Just wondering, are you planning on doing some hiking and camping? or are you trying to stick close to the road? Cause you will definitely be passing through some areas that would be worth some a little extra time if you are into exploring outside of your car.

  7. #7

    Default Hotel

    As for the hotels, I never had a problem getting a hotel even though everyone in my group was under 21.

  8. Default

    Yeah, we'll be camping, especially towards the west where all the great national parks are. Not sure about hiking, but we are looking forward to the great scenery and everything. And great, thanks for the reassurance about the hotels. And what specific areas do you think are worth a little extra time?

  9. #9
    Join Date
    May 2003
    Green County, Wisconsin

    Default Even in Vegas

    I doubt you'd have a problem finding a room even in Vegas, you'd just likely be better off staying with a budget chain that isn't connected to a major casino and/or off the strip.

    For example, I just quickly looked at motel6's website, and they say 18 year old check in is ok at their downtown location.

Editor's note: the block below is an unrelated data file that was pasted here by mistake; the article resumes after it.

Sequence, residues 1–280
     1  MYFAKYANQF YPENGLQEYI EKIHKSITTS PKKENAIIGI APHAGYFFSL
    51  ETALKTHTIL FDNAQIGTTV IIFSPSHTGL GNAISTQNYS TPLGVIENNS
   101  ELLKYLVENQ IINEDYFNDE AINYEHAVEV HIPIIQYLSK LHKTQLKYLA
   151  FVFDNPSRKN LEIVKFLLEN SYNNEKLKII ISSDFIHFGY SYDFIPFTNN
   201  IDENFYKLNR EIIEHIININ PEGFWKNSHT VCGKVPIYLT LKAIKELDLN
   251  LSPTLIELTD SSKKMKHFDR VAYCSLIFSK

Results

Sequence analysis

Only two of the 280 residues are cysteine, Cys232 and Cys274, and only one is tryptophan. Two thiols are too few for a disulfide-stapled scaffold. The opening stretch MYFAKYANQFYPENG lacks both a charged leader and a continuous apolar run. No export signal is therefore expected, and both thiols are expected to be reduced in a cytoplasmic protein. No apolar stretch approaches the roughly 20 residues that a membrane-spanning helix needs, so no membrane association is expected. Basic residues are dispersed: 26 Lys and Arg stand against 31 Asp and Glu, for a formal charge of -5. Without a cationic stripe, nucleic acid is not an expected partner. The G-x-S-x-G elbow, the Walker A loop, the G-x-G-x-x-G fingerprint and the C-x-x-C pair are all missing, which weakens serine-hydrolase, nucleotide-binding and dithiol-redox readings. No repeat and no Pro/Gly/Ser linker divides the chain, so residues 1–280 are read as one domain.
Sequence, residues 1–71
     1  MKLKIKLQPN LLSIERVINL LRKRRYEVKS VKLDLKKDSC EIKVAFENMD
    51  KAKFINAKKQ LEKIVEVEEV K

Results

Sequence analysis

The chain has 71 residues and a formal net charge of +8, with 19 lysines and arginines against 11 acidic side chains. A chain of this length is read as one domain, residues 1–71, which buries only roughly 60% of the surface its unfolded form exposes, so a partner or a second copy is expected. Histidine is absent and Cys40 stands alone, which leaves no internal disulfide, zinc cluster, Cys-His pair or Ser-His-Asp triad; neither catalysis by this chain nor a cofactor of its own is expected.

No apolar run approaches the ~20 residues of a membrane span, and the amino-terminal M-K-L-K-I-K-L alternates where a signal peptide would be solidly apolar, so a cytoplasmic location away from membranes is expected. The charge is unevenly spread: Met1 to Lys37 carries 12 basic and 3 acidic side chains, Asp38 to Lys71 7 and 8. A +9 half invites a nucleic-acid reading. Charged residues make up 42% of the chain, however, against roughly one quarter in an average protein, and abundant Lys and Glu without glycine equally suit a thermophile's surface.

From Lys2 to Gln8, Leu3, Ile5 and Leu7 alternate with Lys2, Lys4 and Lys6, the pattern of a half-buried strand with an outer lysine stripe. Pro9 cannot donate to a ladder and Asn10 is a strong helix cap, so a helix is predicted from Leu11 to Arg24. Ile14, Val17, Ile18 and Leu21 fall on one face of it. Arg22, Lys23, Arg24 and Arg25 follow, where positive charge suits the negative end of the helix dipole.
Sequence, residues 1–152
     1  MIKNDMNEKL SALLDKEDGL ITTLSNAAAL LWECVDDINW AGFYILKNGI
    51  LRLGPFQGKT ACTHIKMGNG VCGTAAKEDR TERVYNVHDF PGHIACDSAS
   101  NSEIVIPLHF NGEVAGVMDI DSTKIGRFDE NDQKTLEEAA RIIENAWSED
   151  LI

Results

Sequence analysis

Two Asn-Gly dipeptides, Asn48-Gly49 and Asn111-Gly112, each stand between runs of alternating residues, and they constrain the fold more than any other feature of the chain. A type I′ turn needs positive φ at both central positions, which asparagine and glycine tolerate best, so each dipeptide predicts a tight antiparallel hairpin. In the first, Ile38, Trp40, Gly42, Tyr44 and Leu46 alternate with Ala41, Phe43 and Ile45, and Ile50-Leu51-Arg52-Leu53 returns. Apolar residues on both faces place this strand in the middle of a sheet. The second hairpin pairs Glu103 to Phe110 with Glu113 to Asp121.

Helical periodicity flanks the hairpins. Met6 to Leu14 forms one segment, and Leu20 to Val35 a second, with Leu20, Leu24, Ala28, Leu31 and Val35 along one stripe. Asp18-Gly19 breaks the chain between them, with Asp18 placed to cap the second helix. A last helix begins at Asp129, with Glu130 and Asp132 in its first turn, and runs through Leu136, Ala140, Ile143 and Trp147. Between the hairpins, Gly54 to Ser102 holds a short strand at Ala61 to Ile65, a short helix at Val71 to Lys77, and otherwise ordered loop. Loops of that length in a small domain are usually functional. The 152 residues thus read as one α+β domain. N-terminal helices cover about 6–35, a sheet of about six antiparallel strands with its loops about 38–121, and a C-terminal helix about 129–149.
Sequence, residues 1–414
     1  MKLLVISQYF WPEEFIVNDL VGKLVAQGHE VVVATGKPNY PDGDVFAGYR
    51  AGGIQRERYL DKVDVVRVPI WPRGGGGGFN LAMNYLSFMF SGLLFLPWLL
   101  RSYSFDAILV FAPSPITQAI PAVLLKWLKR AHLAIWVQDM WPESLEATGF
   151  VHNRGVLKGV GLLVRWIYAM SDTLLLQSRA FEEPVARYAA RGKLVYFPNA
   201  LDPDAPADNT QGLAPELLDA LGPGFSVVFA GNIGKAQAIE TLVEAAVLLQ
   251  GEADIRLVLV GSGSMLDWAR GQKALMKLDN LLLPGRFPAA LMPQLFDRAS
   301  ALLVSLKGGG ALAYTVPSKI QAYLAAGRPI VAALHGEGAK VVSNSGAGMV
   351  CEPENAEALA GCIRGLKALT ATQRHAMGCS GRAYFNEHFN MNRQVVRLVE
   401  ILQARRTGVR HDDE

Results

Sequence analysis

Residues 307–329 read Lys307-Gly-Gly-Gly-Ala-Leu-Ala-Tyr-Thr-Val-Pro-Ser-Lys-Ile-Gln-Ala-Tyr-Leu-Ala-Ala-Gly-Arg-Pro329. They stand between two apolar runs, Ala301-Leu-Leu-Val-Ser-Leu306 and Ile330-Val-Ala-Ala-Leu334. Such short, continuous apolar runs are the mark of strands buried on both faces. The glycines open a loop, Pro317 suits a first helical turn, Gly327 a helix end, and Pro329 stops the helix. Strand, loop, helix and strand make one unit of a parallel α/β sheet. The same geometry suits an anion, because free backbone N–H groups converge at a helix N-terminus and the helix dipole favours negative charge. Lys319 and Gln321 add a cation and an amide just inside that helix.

10. #10

    Default Extra Time

    On our trip we spent some extra time in the Yellowstone and Grand Tetons area (Jackson Hole was a particularly nice place to stick around), Sawtooths in Idaho and a little Indian reservation near the Grand Canyon called Havasu (my friends and I consider this one of the real gems of our trip and are planning to return this spring). Personally, we are big fans of camping and hiking, and as you said many of the National Parks are great camping areas, and if you are into Backcountry camping you can see some truly incredible surrondings (and on a plus side, this is extremely cheap way to spend the night in most cases). Another spot to consider some hiking is the Sierra Nevada Mountains. Keep in mind though that a lot of backcountry hiking is long and can be a little strenuos, its not everyones cup of tea, and it may not be your thing, but there is plenty to do in those areas without too much work as well.